English neurosurgeon Henry Marsh’s mesmerizing memoir “Do No Harm” is an unblinking look at a profession that demands life-or-death decisions on a daily basis.
‘Do No Harm: Stories of Life, Death, and Brain Surgery’
by Henry Marsh
St. Martin’s Press, 288 pp., $25.99
When most of us fail at some aspect of our jobs we may feel distress and face some kind of reprimand. When brain surgeons fail, the consequences can be catastrophic, ruining or ending the lives of their patients and devastating family members.
A surprising page-turner, “Do No Harm” is British neurosurgeon Henry Marsh’s mesmerizing memoir of his career highlights and low points, a fascinating blend of derring-do and humble pie. Marsh was featured in the Emmy Award-winning documentary “The English Surgeon.”
Part of the enormous appeal of the book is Marsh’s unstinting candor and self-critical lens. He frankly admits the blunders he has made in the operating room and the grave results that ensued. As a doctor in a national health care system, Marsh seems more free to take responsibility and own up to errors than a physician in the mistake-averse American medical profession, with its constant threat of malpractice litigation.
This, of course, makes for a better book.
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The most thrilling parts of his storytelling are descriptions of the surgeries. The explicit details are not for the squeamish.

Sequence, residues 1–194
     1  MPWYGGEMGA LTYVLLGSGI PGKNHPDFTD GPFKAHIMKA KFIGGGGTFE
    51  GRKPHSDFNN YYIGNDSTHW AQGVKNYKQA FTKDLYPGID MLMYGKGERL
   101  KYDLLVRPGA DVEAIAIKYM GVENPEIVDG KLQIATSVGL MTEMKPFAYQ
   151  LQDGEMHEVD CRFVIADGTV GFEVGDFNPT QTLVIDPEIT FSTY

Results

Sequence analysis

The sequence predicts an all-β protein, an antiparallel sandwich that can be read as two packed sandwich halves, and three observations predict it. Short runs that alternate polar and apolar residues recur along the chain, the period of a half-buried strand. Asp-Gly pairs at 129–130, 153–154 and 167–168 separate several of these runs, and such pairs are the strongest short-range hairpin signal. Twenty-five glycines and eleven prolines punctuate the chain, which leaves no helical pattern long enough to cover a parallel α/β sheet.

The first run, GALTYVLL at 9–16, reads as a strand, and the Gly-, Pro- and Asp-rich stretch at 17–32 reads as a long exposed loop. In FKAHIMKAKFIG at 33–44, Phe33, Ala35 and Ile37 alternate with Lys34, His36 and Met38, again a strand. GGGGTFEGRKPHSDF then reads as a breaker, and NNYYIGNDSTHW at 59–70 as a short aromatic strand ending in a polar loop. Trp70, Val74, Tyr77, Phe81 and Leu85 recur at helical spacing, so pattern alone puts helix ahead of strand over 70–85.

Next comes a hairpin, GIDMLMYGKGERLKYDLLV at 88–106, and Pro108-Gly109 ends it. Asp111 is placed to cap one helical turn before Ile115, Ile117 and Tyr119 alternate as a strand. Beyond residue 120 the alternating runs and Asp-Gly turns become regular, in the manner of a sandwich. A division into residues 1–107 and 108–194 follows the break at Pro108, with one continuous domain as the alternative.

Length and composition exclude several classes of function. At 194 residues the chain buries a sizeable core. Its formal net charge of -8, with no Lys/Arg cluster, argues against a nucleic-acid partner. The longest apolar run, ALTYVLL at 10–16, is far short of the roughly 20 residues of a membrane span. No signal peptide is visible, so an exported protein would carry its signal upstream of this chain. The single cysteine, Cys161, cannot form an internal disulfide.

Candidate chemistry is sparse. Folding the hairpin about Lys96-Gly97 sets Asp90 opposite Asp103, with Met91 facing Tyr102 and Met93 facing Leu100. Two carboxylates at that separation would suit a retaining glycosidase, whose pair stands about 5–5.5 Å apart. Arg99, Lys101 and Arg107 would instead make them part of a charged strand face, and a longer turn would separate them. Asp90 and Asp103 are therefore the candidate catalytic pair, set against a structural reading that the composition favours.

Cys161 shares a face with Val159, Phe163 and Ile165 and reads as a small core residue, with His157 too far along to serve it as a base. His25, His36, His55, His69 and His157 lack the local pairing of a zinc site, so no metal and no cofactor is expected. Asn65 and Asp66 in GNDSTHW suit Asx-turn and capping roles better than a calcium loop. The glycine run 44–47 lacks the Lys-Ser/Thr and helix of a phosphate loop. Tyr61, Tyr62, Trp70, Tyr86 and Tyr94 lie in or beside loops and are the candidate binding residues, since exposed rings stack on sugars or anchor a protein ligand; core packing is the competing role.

In one extraordinary case, his patient, Melanie, was going blind from a tumor that was pressing on her optic nerve. She was also nine months pregnant. After Marsh successfully removed the tumor, the obstetrics team rushed in to deliver her baby by C-section, causing a rare festive mood in the normally somber neurological surgery theater. An exhilarating moment to be sure, but in his very next surgery, the second of three operations that day, a middle-aged woman hemorrhaged and died after an operation to remove part of a cancerous tumor, leaving the surgeon miserable as he gave family members the bad news.
Because his work involves the body’s most vital organ, he must routinely talk with patients about whether they will live or die.
Marsh’s prose is elegant and seasoned, with no false bravado. Modern surgical techniques are nearly miraculous, but the risks are ever present, especially when, Marsh confesses, brain surgeons sometimes need to learn by making mistakes. The margin for error is scalpel-thin; a tiny severing of a nerve or a misjudgment on how much of a tumor to remove can cause paralysis or death.
“We have achieved most as surgeons when our patients recover completely and forget us completely,” he writes. “…They are grateful, no doubt, but happy to put us and the horror of their illness behind them. Perhaps they never quite realized just how dangerous the operation had been and how lucky they were to have recovered so well. Whereas the surgeon, for a while, has known heaven, having come very close to hell.”
Neurosurgery is an extraordinary profession, and despite the dread and foreboding he often faces before most operations, Marsh also feels the awe that inspired him to become a neurosurgeon in the first place. “More than that, the operation involved the brain, the mysterious substrate of all thought and feeling, of all that was important in human life — a mystery, it seemed to me, as great as the stars at night and the universe around us.”
Marsh’s gift for words helps him share his sense of wonder with his readers.